Date of Award
Master of Science in Biological Oceanography
Charles J. Fish
The objectives of this study were to observe the location of the herring catches in Block Island Sound, to perform racial analyses on the fish, and to study the stomach contents both quantitatively and qualitatively. Periodic trips were made on a commercial fishing vessel in Block Island Sound during the winter of 1951 to gather biological data.
This investigation established that herring are to be found in Block Island Sound from about the first of January to the middle of March; that the shoals are made up of two groups, spent adults and immature adolescents; that during January and February the fish are confined to the coldest water in the Sound, a narrow band close to and paralleling the shore; that this population has a mean vertebral number of 56.48 and a mean acute count of 14.09; that the herring hardly feed during January and the first half of February, although thereafter the feeding rate increases rapidly; that the adolescents usually feed more intensively than the adults; that the most important single food organism is the copepod, Pseudocalanus minutus. Constituting more than 70 percent of the food by number; and finally, that the herring tend to select the larger crustacean components in preference to the smaller ones.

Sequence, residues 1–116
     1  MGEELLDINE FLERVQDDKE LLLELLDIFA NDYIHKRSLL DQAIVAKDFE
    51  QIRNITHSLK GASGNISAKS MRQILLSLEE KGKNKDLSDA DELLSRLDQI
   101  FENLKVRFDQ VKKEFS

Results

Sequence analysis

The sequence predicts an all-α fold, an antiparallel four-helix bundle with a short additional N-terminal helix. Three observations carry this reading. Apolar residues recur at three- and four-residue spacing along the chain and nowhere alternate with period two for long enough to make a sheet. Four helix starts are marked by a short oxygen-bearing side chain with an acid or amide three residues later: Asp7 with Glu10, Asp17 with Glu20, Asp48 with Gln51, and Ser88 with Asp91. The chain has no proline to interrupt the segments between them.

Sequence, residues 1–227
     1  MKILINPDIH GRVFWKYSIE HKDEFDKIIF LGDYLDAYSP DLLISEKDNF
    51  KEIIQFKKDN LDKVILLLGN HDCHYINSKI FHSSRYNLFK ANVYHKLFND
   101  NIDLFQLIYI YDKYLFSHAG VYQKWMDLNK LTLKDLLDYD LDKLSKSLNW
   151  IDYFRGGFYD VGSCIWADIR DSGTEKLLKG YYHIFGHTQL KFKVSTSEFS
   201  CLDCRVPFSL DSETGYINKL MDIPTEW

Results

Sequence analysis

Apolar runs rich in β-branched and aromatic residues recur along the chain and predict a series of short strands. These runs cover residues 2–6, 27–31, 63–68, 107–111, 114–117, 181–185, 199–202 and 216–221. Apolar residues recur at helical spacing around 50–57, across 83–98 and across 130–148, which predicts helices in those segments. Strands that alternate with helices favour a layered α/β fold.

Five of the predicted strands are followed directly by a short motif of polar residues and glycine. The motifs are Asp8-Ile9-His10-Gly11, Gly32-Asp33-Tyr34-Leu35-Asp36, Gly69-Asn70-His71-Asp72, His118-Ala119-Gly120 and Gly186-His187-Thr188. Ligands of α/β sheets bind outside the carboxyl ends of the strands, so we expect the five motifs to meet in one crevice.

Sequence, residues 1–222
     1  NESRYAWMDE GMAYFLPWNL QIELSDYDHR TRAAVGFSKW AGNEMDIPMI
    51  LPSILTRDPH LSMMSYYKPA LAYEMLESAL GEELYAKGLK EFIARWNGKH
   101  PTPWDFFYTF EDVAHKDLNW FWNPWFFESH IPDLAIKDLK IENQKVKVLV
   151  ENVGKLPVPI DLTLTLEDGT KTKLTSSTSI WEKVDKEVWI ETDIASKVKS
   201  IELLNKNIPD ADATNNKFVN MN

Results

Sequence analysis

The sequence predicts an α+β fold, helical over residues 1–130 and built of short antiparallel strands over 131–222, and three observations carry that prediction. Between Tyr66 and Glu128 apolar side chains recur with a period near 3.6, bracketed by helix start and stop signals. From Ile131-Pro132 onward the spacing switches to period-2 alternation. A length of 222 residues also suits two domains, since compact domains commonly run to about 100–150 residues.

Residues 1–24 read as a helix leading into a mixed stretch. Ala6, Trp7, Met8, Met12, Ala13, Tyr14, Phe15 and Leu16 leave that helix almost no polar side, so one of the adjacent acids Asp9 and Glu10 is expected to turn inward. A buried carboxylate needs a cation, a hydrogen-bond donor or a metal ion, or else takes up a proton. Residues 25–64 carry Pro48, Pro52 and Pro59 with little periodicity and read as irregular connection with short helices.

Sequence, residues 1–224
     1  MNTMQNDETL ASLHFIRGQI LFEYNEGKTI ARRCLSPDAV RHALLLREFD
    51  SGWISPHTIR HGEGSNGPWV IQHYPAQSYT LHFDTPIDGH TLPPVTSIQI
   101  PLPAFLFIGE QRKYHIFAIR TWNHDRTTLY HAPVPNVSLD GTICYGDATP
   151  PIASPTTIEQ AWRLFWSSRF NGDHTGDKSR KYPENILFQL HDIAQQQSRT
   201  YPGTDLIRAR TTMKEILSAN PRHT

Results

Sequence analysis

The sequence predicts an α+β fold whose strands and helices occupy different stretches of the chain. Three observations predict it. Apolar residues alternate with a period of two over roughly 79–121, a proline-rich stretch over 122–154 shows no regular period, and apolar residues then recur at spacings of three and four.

Sanders, Howard Lawrence, "The Herring of Block Island Sound" (1951). Open Access Master's Theses. Paper 2125.